In 1963, at a weight of 224 pounds, Robert Atkins was sick and overweight. Years of stress, work load, and poor eating habits had taken their toll. As an American physician and cardiologist, he knew that he needed to lose weight to become healthier. Little did he know that the weight-loss diet he implemented would drastically change how we think about nutrition. His high-fat diet rocked the conventional notions that low-fat foods were required for weight loss and proper health. Even today, this controversial diet continues to fight against misconceptions and criticism despite helping millions of people to lose weight.
Emerging in an era of low-fat promotion for healthy snacks, the Atkins Diet faced stiff competition. Years of scientific research (mostly directed by biased nutritionists and funded by agricultural interests) showed that high-cholesterol diets could increase the risk of heart disease. The findings prompted press releases advising people to eat less animal products and avoid fats. Due to the controversial nature of the Atkins Diet, serious research into low-carb diets has only recently been conducted. Ironically, more and more studies are demonstrating that high-fat diets actually reduce the risk of heart disease. Sadly, studies with these conclusions do not receive as much attention as those which highlight high-carb diets. In addition, the grain-based food industry is much more likely to fund studies that hypothesize the superiority of high-carb diets, helping to perpetuate the myth.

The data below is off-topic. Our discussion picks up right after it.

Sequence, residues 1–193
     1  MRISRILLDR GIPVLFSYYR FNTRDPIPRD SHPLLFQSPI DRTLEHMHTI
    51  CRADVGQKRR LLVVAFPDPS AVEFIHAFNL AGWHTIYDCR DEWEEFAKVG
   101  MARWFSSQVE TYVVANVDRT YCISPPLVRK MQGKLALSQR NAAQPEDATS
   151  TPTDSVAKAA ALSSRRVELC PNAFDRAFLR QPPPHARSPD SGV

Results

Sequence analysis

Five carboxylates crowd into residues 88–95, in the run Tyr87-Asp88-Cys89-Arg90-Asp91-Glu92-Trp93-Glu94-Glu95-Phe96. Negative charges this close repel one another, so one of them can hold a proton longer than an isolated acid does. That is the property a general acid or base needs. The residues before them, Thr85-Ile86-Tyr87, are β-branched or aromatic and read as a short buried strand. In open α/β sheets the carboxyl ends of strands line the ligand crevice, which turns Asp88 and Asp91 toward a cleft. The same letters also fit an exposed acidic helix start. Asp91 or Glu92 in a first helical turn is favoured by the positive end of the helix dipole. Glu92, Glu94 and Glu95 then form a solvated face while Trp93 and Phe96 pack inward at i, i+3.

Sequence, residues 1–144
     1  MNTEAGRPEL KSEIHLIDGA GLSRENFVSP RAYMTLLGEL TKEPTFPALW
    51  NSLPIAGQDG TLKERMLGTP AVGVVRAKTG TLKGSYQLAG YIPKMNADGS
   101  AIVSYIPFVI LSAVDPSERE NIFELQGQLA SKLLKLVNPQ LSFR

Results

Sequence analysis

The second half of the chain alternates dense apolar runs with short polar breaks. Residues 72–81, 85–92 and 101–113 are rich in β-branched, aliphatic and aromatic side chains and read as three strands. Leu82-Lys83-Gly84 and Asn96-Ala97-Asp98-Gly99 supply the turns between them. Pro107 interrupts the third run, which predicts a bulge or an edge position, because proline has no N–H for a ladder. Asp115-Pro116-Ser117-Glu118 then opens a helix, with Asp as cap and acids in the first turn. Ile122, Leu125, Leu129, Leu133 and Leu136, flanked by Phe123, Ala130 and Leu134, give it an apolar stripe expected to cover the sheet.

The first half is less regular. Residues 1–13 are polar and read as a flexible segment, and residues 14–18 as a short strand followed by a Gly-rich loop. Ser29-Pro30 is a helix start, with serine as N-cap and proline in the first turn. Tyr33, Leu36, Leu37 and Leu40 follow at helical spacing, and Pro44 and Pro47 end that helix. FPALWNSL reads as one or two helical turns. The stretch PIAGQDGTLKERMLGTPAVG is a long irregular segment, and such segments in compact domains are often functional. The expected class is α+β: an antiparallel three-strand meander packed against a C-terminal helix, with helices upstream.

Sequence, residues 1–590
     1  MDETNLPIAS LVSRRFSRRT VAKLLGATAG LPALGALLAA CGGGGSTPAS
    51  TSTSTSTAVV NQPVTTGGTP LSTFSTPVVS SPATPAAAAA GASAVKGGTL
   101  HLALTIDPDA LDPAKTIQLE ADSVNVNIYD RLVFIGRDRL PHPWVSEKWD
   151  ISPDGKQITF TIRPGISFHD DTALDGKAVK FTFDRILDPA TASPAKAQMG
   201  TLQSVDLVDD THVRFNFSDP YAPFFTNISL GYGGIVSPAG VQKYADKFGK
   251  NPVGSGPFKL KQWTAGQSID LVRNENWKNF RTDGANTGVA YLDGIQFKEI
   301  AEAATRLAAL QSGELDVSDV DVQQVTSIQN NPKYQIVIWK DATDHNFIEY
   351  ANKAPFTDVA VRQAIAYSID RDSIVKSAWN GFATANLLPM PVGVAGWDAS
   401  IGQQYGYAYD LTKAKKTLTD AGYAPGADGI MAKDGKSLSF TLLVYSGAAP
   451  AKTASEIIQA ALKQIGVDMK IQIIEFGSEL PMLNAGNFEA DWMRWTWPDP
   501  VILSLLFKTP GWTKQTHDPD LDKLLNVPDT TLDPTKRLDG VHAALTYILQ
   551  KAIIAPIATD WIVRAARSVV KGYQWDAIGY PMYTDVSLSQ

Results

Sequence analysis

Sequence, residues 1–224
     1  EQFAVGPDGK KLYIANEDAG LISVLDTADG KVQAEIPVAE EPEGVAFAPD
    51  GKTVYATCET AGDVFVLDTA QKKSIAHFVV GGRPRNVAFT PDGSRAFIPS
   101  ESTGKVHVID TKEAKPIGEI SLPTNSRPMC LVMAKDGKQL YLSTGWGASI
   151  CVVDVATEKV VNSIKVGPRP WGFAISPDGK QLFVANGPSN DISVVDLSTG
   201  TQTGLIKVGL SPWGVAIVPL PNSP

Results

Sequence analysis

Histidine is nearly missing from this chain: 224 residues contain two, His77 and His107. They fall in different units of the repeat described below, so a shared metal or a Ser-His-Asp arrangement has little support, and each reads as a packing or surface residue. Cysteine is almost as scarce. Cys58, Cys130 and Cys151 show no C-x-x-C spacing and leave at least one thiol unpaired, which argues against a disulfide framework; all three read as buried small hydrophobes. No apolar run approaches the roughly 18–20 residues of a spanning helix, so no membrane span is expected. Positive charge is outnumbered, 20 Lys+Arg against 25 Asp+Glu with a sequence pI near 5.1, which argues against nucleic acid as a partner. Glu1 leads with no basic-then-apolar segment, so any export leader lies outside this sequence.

A series of studies in the mid-2000s showed that the Atkins Diet helped overweight patients lose weight as fast as or faster than individuals on the Ornish, Weight Watchers, Zone, or other diets. Undeterred, opponents of the Atkins Diet stated that the weight loss resulted from reduced food energy, not the lack of carbohydrates. Other critics claimed that the Atkins Diet still increased the risk of cardiovascular disorders because of the high cholesterol consumption (despite the research which suggested otherwise). As if that was not enough misinformation, promoters of other diets asserted that the Atkins Diet was 80% more expensive than the average American food budget. This figure was calculated by including recipes listed in an Atkins nutrition cookbook that contained high-cost ingredients, such as lobster tails (which were added to the cookbook to demonstrate the variety of potential foods on the diet).
Another misconception is that some people believe the Atkins Diet promotes eating unlimited amounts of fatty meats. Dr. Robert Atkins himself stated that the diet is “not a license to gorge.” Although the media or the opponents may claim the Atkins Diet promotes an all-the-steak-you-can-eat-and-still-lose-weight attitude, this is not the case. Also, the diet mandates limited carbohydrate consumption for just the first two weeks. Afterwards, carbs are gradually increased to adjust dieters to a healthy food regimen and avoid the after-diet shock that many dieters experience. The result of the Atkins Nutritional Approach is an informed individual who can maintain an ideal weight for the rest of his/her life.